In the recently-concluded U.S. Tax Court cases Guy R. Baxter & Lonnie C. Baxter v. Commissioner of Internal Revenue and Curtis Investment Company, LLC, Henry J. Bird, a partner other than the tax matters partner v. Commissioner of Internal Revenue, the judge cited the testimony of Brattle Principal Emeritus A. Lawrence Kolbe in his opinion, ruling in favor of the Internal Revenue Service (IRS) and finding that the petitioners entered into custom adjustable rate debt structure (CARDS) transactions that reduced petitioners’ wealth and were designed to minimize tax liability.
The Petitioners stated that the CARDS transactions would provide funding for investments over a 30-year term, and that it was reasonable to expect investment returns in excess of the cost of the CARDS funding. Dr. Kolbe provided an expert report and testimony on the CARDS transactions. He opined that the CARDS transactions should be analyzed as financing decisions, and therefore analyzed whether CARDS was an economically rational source of financing. Dr. Kolbe concluded that CARDS was not an economically rational source of financing for the Petitioners absent the tax benefits. He found that the effective interest rate on the CARDS loans were materially higher than the market rate of interest on other sources of funding. The excessive CARDS interest rate, he concluded, served as a drag on the profitability of an investment funded with the CARDS proceeds, and Petitioners’ wealth was reduced as a result of the decision to enter into the CARDS transactions. Dr. Kolbe also concluded that the Petitioners had an incentive to repay the CARDS loan before the stated 30-year maturity because the longer the transaction was maintained, the worse off Petitioners would be, even ignoring tax effects.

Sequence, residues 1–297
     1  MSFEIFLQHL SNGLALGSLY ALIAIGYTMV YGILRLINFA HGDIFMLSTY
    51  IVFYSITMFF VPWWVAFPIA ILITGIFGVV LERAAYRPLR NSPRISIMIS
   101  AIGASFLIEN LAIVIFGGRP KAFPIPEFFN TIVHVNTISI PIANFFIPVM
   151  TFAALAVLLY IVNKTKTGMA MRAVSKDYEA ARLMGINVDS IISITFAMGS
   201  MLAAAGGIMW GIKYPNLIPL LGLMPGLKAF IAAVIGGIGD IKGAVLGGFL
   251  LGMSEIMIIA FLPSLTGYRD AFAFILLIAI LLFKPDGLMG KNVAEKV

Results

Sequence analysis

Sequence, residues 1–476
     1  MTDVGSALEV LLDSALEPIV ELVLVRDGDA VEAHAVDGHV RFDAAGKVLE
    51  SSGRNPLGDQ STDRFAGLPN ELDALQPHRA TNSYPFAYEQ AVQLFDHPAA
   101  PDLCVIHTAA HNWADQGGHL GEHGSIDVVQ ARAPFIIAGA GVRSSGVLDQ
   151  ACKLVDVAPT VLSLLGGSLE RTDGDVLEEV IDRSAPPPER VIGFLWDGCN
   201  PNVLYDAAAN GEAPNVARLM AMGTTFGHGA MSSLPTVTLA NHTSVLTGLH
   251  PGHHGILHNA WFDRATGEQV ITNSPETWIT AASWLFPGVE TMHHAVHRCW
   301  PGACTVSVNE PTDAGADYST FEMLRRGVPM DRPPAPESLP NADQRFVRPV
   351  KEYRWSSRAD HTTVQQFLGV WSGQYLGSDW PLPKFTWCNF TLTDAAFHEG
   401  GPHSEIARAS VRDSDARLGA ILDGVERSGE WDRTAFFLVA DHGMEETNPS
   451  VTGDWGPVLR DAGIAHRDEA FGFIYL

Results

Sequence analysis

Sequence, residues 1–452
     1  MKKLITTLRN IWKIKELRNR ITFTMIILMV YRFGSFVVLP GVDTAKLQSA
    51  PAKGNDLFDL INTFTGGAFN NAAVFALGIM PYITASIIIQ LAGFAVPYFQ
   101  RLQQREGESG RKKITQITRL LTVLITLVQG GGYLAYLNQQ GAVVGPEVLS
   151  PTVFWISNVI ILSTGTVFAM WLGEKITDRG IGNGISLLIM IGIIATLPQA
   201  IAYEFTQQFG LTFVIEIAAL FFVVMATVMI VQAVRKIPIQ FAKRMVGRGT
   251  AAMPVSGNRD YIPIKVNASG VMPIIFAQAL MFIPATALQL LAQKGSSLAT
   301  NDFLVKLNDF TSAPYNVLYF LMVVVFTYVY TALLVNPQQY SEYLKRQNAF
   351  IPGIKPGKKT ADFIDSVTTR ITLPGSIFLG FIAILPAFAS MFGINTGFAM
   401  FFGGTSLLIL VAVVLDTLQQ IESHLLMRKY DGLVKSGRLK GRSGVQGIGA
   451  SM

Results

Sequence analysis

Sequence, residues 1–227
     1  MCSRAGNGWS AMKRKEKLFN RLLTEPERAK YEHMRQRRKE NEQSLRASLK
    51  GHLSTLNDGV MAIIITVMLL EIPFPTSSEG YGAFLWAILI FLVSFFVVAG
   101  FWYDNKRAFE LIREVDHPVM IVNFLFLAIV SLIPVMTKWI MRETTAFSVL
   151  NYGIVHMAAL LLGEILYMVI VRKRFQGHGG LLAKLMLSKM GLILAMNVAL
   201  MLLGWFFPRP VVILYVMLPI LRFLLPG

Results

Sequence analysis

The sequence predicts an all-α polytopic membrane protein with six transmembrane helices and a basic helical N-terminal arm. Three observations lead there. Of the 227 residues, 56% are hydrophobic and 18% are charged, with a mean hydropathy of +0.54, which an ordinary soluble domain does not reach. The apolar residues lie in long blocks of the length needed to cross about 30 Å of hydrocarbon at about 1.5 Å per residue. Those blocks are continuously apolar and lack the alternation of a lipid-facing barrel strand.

The Court cited Dr. Kolbe’s opinion that investment returns were not a relevant consideration and that it was appropriate to evaluate the CARDS transactions without regard to how the proceeds were used. The Court stated that:
In reviewing the CARDS transactions without reference to the transfer of the proceeds to petitioners, we find Dr. Kolbe's report and related testimony persuasive that the CARDS transactions lacked economic substance. Dr. Kolbe's report shows that the CARDS transactions lacked profit potential. The report states that the CARDS transactions reduced petitioners' wealth by €2.19 million and would have reduced it even more had the CARDS transactions lasted longer than one year. These losses would exist no matter what investments petitioners made with the proceeds because the same investments could have been financed by a more conventional type of loan, and the artificial, unrelated losses would remain even if we accepted petitioners' position that we should consider the transfer of proceeds to them as part of the CARDS transactions. [footnote omitted]
Other members of The Brattle Group who have worked with Dr. Kolbe on the CARDS matters include Matt Aharonian, Darrell Chodorow, Florin Dorobantu, Mark Sarro, and Bin Zhou. Additional information about our Tax Controversy practice is available here.